I’d write some of these stories differently now (or not at all), but I’ve left them unmolested, and laziness not the only reason. They are what they are; they deal with matters that absorbed me at the time, including some exploratory ways of approaching narrative. Some zig and zag, others host other stories in their innards, and a few are packed like a bulging suitcase, ready to pop open into a longer form. What scant autobiographical detail there is generally morphs into metaphor; here and there germinal fact sprouts into fiction. The imagination has done its work. If nothing else, Quickening represents the start of a writing life that does seem to determinedly persist. As a bonus–or booby prize, depending on one’s view–I’ve also added a story called “Tag” that was written shortly after the collection came out and was first published in What! magazine.

The dog out front with the nick in her ear and the patiently enquiring expression is called Fable.

William Trevor again: “The modern short story may be defined as the distillation of an essence.”

Ah yes, so welcome to my distillery, feel free to sample the brew. Old stuff, well aged, but not, I trust, gone skunky quite yet.

And, from SUDDENLY:


Went, I mean.

Snowflakes streaking past our eyes, stars jiggling up there in the sky.

Foop, into the snowbank.

Buck was laughing to split a gut, and he said, ‘Marsha, you're a kook,’ and I suppose he was right, considering. ‘Exhilarator! Haw, haw.’ He was smacking his hand on the dashboard. Did I say that? I expect I did. You know, words zip out of my mouth assbackwards half the time. Like then, when I hit the, excuse me, accelerator instead of the brakes and couldn't even get the swear­ing right. Probably because I was trying to pray at the same time, ‘Holy Shitface Mother of Bob, not the fender, please not the headlights.’ What we're talking about here is Daddy's brand new Comet GT with the Luxury Decor Option – cut-pile carpeting, colour-keyed vinyl roof and wheel covers, reclining contoured bucket seats – all the spiffy features Daddy couldn't stop jawing about that I'd just parked in a huge fucking snowbank.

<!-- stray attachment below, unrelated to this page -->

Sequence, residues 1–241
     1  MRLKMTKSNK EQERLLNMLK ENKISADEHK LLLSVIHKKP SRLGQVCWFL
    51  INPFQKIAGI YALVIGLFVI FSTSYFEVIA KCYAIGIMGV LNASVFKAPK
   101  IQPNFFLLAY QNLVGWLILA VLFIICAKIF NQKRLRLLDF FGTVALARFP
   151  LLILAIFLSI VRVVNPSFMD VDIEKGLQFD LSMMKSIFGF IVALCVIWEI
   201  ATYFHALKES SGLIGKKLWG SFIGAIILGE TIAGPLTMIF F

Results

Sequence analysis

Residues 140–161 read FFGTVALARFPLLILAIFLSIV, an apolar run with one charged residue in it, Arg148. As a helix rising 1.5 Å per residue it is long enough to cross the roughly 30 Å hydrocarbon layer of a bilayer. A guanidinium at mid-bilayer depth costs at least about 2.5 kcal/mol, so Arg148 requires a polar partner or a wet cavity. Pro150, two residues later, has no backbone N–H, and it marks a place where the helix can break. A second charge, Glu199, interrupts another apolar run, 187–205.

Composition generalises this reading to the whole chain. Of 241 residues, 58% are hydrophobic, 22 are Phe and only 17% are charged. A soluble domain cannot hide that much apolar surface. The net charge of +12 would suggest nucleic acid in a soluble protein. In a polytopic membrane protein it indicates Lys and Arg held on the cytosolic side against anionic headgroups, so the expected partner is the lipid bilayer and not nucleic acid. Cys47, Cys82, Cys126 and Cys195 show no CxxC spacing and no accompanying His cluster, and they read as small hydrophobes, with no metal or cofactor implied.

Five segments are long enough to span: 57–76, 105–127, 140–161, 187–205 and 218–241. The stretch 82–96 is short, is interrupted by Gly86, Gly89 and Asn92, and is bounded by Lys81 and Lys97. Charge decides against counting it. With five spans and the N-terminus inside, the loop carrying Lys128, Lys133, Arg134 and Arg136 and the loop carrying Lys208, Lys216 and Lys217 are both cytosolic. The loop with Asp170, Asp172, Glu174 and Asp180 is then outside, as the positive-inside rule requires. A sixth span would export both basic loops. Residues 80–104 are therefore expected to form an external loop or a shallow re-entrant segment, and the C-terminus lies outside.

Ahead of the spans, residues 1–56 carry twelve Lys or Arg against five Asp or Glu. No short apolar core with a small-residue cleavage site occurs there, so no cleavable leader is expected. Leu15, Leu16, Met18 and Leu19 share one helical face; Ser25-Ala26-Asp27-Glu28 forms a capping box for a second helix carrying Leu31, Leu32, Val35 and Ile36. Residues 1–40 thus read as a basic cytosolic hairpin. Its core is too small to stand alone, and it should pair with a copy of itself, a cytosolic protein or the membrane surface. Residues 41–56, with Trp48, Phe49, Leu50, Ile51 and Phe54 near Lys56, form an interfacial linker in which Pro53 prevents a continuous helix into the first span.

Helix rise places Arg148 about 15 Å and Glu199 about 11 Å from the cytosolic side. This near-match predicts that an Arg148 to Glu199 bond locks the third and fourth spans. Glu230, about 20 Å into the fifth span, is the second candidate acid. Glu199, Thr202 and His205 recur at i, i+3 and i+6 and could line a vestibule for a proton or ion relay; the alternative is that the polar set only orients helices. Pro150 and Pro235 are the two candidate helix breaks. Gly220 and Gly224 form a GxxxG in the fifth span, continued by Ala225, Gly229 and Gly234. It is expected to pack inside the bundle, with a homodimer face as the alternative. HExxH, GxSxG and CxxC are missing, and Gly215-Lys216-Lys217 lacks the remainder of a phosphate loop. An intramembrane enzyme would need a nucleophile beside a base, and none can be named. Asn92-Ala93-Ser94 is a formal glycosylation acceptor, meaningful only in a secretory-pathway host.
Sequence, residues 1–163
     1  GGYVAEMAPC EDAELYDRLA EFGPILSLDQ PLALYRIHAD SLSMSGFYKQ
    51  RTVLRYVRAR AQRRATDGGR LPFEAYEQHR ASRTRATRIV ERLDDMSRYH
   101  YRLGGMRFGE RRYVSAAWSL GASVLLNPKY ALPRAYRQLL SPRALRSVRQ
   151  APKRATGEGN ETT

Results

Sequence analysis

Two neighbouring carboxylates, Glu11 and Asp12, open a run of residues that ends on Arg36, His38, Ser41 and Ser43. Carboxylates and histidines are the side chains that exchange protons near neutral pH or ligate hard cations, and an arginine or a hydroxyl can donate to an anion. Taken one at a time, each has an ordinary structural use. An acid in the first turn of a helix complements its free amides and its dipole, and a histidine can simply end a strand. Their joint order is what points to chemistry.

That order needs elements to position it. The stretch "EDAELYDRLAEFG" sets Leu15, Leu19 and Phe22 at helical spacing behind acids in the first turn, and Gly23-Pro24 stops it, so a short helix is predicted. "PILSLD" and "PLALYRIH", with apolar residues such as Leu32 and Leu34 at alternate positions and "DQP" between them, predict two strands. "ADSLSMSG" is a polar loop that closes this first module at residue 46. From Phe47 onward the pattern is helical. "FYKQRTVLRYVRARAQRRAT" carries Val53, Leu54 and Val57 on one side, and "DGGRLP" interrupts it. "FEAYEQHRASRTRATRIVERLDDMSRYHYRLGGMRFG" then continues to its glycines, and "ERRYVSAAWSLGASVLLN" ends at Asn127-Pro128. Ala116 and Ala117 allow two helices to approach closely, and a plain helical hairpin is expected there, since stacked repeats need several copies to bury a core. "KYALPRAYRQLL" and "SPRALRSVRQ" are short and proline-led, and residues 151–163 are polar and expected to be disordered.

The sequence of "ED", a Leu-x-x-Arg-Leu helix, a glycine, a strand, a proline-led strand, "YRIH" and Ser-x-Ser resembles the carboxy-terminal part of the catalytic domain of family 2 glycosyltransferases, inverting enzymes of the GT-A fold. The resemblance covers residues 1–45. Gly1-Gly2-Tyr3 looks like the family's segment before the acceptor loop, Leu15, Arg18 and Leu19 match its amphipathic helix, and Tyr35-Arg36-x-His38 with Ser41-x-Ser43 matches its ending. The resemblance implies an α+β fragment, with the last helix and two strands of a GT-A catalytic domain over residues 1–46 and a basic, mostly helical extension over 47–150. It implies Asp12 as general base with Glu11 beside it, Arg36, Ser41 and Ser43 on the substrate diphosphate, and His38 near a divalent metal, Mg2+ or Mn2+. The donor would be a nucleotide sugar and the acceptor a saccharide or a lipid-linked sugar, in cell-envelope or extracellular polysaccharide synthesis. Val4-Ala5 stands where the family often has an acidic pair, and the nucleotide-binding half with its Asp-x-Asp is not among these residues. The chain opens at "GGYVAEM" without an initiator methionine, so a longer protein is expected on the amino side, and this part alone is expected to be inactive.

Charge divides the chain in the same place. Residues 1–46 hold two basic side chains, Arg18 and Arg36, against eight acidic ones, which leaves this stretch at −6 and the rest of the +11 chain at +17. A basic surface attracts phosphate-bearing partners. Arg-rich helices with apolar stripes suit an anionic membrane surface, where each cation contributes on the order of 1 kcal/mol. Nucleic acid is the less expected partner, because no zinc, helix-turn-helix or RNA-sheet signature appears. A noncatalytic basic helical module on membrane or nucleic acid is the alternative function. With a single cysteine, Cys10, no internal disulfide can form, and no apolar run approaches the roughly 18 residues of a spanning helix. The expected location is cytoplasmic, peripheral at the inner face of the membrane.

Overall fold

‘Shut up, Buck!’ Though I shouldn't have said that, either. Way to impress a guy, eh?

I'd been working on it, too. ‘It’ being Buck and me, some­where alone. Not in a snowbank, I'll admit. That wasn't exactly what I was after. Getting my mitts on Daddy's car hadn't been easy. Getting Buck in it hadn't been easy. He's had his mind, such as it is, on other things lately. Two things, Trudy's, and they keep changing sizes, that's the joke. I nearly had to run him over. ‘Hey, Buckaroo, wanna go for a ride?’

What I wanted from Buck was simple. I wanted his undying love, his thrashing gushing heart in my hand (no matter it was likely cold and blue as a ball of ice), and I wanted to sing in his band, the Tomcats, New Year's Eve at the Lantern. I wanted this pretty bad. Feature me down on my knees every night: Listen up, Bob, you gotta do this for me. I'll wear my black dress, the one I bought in Reitman's in Sudbury with the ruffles around the hem tickling my kneecaps. Hot stuff, or what? I promise I'll be buried in it. You set me up and I'll do the rest.